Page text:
The full text of the letter is below.
Dear Senator Klobuchar,
The undersigned consumer organizations write to express our support for S. 41, the Medicare Prescription Drug Price Negotiation Act of 2017, your legislation to help make prescription drugs more affordable for America’s seniors and also save taxpayers money.
Coping with the increasing costs for essential prescription drugs is an enormous pocketbook challenge facing American consumers, and particularly America’s seniors. A survey by AARP found that over three-quarters of Americans aged 50+ regularly take prescription medication, and more than half of seniors take four or more drugs. Medicare Part D, the segment which provides prescription drug coverage, accounts for a sixth of all Medicare spending.
Your legislation addresses a principal reason why the federal government pays more for drugs purchased for Medicare beneficiaries than purchased for veterans or under Medicaid: it is legally barred from negotiating with drug companies under Medicare, and is therefore paying more than it should.
The premiums and out-of-pocket costs seniors pay for prescription drug coverage under Medicare Part D continue to climb, with annual premiums projected to increase to $846 by 2025, with an annual deductible of $645. The federal government's share is also climbing, expected to grow faster than other parts of Medicare -- from $2,203 (in 2015) to $3,861 (in 2025) per beneficiary per year.
Seniors and taxpayers are shouldering the burden of high drug prices and high profits to drug manufacturers and other companies in the prescription drug supply chain. When the Medicare Modernization Act was passed in 2003, lawmakers were hopeful that private pharmacy benefits managers, “PBMs,” would be able to negotiate significant rebates from drug companies that could be passed along to seniors in lower prices, and in savings for the Medicare program.
But the Veterans Administration, which is able to negotiate directly, pays less than Medicare for prescription drugs.
Ten-thousand seniors age into Medicare every day. The government should be allowed to represent those people in the marketplace, just as it does for veterans. Medicare’s massive volume -- 41 million enrollees -- puts the government in a strong negotiating position to obtain a good deal for Medicare plans, and for taxpayers.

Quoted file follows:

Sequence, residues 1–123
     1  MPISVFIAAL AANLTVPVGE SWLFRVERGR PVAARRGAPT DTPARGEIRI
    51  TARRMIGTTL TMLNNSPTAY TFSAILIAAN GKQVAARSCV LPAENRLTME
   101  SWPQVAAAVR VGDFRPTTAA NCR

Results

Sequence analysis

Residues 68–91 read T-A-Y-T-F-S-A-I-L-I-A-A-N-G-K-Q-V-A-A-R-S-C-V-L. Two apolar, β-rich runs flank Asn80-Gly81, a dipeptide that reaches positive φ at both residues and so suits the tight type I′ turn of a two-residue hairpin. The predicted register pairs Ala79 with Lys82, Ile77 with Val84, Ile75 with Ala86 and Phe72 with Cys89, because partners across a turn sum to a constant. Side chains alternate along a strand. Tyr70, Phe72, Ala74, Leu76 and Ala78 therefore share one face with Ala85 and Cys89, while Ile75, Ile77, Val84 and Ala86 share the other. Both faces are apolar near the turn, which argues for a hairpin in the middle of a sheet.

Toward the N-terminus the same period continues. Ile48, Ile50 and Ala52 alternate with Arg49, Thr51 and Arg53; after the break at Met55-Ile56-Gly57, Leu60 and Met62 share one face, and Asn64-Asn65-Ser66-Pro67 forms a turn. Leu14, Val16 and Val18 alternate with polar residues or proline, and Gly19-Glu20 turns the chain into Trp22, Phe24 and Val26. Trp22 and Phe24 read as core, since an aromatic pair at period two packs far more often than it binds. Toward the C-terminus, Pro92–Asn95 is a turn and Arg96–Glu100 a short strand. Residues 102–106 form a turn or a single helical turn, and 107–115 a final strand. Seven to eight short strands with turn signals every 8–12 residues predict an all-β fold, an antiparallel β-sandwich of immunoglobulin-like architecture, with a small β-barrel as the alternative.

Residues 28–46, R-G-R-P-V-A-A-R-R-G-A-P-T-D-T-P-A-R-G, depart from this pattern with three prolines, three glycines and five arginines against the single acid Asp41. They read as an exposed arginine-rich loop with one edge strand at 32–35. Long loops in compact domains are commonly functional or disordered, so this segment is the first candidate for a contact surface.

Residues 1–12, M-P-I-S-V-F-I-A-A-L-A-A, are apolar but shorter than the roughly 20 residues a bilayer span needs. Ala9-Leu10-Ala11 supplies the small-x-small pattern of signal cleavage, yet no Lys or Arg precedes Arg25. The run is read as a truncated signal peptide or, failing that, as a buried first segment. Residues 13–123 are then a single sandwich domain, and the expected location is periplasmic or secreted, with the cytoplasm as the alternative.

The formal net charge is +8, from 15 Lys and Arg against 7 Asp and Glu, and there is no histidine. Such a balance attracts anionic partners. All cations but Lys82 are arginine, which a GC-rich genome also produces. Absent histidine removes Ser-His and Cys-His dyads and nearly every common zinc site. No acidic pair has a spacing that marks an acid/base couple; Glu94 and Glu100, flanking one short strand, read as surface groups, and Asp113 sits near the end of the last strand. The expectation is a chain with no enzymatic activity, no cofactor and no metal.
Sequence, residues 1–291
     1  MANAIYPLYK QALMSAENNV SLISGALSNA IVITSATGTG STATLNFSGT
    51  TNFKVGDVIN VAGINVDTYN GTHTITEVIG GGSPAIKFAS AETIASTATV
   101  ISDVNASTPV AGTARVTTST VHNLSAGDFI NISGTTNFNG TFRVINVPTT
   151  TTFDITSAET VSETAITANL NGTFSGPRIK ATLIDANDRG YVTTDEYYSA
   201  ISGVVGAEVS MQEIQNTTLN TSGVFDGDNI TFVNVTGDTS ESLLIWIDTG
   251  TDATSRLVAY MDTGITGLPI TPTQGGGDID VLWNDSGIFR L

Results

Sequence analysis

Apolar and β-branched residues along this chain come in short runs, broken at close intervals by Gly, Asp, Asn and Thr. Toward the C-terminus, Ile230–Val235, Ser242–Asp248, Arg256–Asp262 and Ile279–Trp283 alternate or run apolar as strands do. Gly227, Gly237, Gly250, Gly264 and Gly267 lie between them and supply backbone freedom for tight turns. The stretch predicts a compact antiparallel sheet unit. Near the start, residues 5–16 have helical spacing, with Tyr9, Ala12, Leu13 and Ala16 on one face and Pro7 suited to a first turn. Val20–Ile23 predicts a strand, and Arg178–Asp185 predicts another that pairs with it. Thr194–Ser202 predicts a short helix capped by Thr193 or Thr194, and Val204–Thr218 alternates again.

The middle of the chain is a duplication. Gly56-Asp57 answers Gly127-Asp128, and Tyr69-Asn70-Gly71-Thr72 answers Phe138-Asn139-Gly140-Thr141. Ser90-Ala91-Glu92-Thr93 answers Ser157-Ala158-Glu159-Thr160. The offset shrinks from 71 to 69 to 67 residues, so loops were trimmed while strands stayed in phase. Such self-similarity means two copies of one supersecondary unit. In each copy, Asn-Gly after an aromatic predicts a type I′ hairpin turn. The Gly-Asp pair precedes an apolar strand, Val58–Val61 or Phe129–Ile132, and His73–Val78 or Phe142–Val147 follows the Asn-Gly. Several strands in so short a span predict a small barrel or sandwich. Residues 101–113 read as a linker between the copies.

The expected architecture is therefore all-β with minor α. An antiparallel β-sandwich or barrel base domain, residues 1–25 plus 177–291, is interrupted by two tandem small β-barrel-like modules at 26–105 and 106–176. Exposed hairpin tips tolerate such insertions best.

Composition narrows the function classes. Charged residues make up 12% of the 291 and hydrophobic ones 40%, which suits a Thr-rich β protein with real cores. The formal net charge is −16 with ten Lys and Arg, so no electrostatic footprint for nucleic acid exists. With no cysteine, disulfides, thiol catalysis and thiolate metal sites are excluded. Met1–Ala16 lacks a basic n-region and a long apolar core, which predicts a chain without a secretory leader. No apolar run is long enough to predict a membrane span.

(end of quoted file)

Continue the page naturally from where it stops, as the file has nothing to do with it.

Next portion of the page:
This policy change already enjoys widespread public support -- 83% according to the Kaiser Family Foundation. And we are encouraged that President Trump has also expressed support for it.
As Congress considers a range of proposals to address rising prescription drug costs, enacting the Medicare Prescription Drug Price Negotiation Act of 2017 is a common-sense step to improve how Medicare works for providing prescription drugs. In moving forward with your proposal, we urge you to consider additional steps to ensure that the savings obtained by Medicare plans are passed along to seniors, to ensure that negotiations do not lead to restrictions in the availability of essential medications to seniors, and to ensure that prices negotiated by Medicare are publicly available for use as a benchmark for other health plans negotiating with drug companies.
We applaud you and your cosponsors, Senators Richard Blumenthal, Jeanne Shaheen, Tammy Baldwin, Angus King, Sherrod Brown, Patrick Leahy, Al Franken, Tim Kaine, Maggie Hassan, Cory Booker, and Chris Murphy for your leadership on this important consumer pocketbook issue.